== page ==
Cat6 is one of the newest versions of network cabling, and is very similar to Cat5E, but specifically designed to consistently deliver 1 Gigabit Ethernet. It is used in installations where a Cat6 Certified Network is required.

While Cat5E and Cat6 can support Gigabit speeds, Cat6A (Cat6 Augmented) is certified to 10 Gigabit speeds and is backward compatible with the all the existing standards, and is suitable for industries utilizing high-performance computing platforms to support very high bandwidth-intensive applications. 10G/Cat 6A applications would be server farms, storage area networks, data centers & riser backbones.

Comments: 3
Aug
18
2011
Written by: Jonathan Stover

Navigating the jungle of terminology, acronyms and part numbers can be daunting in the field of telecommunications. Anyone attempting to determine and buy cabling can attest to this.  Improper data cabling will cause a logical error. With power cables, using the wrong type can cause physical failure such as fires and electrical shock. The stakes are higher. Luckily the abundance of documentation and regulation assure that anyone seeking direction to deploy the correct cord can find the information they need to choose the right cord and avoid common pitfalls, damage and injury that comes with electrical failure.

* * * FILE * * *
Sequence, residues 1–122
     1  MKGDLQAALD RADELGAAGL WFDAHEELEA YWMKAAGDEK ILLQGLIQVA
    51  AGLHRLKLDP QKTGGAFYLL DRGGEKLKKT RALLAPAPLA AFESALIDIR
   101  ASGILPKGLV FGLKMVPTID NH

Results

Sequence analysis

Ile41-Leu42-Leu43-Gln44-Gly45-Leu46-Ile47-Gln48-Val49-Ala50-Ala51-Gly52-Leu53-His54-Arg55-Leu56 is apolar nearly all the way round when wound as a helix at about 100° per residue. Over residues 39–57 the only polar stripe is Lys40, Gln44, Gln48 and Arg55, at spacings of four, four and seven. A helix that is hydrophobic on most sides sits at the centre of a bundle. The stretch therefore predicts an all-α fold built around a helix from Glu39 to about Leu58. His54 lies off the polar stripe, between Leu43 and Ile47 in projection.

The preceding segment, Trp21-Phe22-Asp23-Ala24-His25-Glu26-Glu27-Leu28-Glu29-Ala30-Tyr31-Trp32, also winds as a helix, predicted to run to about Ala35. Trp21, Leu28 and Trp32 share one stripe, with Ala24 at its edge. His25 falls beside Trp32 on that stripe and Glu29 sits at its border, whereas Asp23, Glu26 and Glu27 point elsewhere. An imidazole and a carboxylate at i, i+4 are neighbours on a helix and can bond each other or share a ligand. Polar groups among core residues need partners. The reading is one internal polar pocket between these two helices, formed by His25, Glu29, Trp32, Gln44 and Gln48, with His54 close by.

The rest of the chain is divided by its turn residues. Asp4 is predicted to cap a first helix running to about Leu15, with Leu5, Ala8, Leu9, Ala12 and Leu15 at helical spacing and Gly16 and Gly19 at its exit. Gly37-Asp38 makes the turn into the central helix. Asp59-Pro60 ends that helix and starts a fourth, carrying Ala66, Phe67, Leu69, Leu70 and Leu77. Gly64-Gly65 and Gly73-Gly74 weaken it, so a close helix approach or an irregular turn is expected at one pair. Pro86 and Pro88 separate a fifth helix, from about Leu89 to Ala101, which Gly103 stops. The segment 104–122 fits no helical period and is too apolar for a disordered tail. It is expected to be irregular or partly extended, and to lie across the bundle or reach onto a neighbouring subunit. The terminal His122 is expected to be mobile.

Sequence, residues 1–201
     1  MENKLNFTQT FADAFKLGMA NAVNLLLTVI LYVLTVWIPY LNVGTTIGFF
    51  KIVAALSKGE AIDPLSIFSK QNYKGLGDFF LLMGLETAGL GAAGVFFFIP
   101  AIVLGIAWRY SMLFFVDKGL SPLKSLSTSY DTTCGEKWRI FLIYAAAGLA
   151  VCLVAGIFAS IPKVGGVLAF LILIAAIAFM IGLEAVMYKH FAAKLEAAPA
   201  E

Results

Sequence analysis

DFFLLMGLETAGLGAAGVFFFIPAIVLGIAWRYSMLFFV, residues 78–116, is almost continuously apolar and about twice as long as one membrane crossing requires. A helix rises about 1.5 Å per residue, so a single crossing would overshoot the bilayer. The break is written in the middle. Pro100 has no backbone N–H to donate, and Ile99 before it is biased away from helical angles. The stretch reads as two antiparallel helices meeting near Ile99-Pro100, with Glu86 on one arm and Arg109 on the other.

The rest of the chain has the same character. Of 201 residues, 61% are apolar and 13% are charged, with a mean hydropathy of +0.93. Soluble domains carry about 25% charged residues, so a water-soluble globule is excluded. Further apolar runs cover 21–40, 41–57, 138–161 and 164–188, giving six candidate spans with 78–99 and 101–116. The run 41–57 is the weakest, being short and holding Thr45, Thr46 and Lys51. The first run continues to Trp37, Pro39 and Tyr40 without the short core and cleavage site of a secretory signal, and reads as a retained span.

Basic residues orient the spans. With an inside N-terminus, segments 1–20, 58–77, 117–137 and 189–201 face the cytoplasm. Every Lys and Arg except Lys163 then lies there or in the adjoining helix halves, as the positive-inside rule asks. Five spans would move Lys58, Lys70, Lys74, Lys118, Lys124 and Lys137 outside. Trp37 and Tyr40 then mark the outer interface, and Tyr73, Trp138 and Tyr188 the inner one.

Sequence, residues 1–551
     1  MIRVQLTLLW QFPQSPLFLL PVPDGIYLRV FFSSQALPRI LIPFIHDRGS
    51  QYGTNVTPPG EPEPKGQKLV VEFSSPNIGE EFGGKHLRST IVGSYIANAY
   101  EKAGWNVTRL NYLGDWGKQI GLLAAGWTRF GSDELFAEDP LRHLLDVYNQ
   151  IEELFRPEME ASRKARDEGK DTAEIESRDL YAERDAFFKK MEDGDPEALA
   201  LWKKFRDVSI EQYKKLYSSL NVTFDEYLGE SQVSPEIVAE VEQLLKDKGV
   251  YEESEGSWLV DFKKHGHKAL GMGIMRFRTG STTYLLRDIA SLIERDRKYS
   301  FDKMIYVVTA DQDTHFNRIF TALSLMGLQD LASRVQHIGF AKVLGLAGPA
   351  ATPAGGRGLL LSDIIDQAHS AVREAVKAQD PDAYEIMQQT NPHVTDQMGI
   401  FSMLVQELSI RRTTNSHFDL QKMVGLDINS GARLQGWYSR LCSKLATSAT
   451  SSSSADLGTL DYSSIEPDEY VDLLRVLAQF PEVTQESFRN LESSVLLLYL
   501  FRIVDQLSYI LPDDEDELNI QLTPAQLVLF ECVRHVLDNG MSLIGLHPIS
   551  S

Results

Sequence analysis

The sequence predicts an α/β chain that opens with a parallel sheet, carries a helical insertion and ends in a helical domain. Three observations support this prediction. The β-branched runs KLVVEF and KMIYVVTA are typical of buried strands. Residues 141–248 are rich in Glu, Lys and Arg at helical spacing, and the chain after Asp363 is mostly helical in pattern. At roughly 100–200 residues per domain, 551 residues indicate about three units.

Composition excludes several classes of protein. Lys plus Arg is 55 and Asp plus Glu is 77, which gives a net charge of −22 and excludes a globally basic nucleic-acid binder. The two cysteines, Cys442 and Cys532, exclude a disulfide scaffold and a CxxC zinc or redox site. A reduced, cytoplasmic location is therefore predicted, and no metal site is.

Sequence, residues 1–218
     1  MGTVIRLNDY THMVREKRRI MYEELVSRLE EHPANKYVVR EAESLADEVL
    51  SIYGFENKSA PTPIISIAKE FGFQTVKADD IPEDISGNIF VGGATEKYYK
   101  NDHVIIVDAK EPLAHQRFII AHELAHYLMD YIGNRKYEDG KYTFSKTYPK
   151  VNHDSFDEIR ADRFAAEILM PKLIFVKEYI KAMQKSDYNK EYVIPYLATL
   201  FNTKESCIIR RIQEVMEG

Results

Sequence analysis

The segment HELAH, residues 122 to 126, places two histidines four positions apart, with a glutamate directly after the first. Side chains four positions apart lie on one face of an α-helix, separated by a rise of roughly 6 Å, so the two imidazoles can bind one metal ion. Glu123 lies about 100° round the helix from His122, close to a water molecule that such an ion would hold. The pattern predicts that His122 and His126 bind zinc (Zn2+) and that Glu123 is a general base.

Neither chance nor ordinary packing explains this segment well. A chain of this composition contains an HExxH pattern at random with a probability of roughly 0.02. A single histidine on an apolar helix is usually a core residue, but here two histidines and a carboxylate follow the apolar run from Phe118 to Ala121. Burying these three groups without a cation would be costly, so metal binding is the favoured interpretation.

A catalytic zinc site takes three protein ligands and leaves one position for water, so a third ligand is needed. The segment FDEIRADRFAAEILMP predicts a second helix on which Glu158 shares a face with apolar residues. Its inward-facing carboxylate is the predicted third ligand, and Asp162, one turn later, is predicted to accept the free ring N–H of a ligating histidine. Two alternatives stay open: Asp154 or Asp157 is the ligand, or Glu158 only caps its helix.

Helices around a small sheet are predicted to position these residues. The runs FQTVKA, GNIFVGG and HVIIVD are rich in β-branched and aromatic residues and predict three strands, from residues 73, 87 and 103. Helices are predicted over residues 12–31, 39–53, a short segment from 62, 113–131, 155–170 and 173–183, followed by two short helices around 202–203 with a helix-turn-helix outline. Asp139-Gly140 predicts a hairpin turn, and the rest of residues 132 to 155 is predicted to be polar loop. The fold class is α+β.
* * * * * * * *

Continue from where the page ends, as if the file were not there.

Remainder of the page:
Common Terminology:

Amperage (amp): This term refers to the amount of electrons that are moving in the circuit. This is also “how much” electricity there is.

Voltage: This refers to how much force is behind the electrons, or how fast the electrons are moving.

 

Attributes:

When choosing a power cord there are (3) main attributes to be aware of:

Comments: 1
Dec
07
2008
Written by: Craig Haynie